Securing the connection between your web and database servers is vital for safeguarding your data’s confidentiality and integrity. Here are some pointers on firewall setup between these servers:
Decide between a hardware or software firewall. Software firewalls like iptables (Linux) or Windows Firewall (Windows) are commonly used and can be deployed on the servers themselves.
Consider housing the database server on a separate network, segregated from the web server by a hardware firewall. This reduces the attack surface. If they share a network, rely on server-level firewalls to filter traffic.
Permit Essential Ports: Open only necessary ports (e.g., 3306 for MySQL) to communication from the web server’s IP addresses.
Deny All Other Traffic: Establish a default rule denying incoming traffic, allowing only explicitly permitted connections.Example iptables rule for MySQL on a Linux database server:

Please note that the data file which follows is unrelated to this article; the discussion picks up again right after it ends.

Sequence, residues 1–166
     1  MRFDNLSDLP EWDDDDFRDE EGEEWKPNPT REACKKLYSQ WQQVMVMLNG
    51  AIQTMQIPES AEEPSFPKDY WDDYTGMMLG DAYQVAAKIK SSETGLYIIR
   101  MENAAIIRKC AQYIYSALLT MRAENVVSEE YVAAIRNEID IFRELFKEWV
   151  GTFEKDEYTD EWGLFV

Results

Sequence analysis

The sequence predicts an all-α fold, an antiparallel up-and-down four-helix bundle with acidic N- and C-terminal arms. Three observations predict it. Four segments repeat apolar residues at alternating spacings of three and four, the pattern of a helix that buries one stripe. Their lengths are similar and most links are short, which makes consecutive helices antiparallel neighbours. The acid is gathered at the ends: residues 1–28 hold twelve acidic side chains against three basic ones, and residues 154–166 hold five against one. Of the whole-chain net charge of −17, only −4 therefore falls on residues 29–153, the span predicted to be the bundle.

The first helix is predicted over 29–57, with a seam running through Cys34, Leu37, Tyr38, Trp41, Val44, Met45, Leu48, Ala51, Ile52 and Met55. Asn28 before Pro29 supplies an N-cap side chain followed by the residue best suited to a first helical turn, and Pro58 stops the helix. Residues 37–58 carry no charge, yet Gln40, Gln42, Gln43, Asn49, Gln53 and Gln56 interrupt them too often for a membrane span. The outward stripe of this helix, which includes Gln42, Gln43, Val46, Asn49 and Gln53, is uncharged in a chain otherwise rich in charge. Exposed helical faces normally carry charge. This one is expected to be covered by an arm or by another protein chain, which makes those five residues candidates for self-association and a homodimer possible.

iptables -A INPUT -p tcp –dport 3306 -s webserver_ip -j ACCEPT
iptables -A INPUT -j DROP
Ensure the web server is secure by updating software, using robust authentication for database connections, and following web app security best practices.
Utilize SSL/TLS or other encryption for data transit between servers, preventing eavesdropping.
Implement robust authentication mechanisms on both servers and create database users with minimal privileges.
Keep servers patched, monitor logs for suspicious activities, and configure NTP for synchronized logs.
Regularly back up data and have a disaster recovery plan in place.
Conduct regular vulnerability scanning and penetration testing.
Document firewall rules, configurations, and security procedures for ease of management and troubleshooting.
Remember, security is a continuous process. Stay vigilant, adapt to evolving threats, and regularly update security measures to fortify against potential attacks.
Kieran Davies (33three.eu) 12th December 2023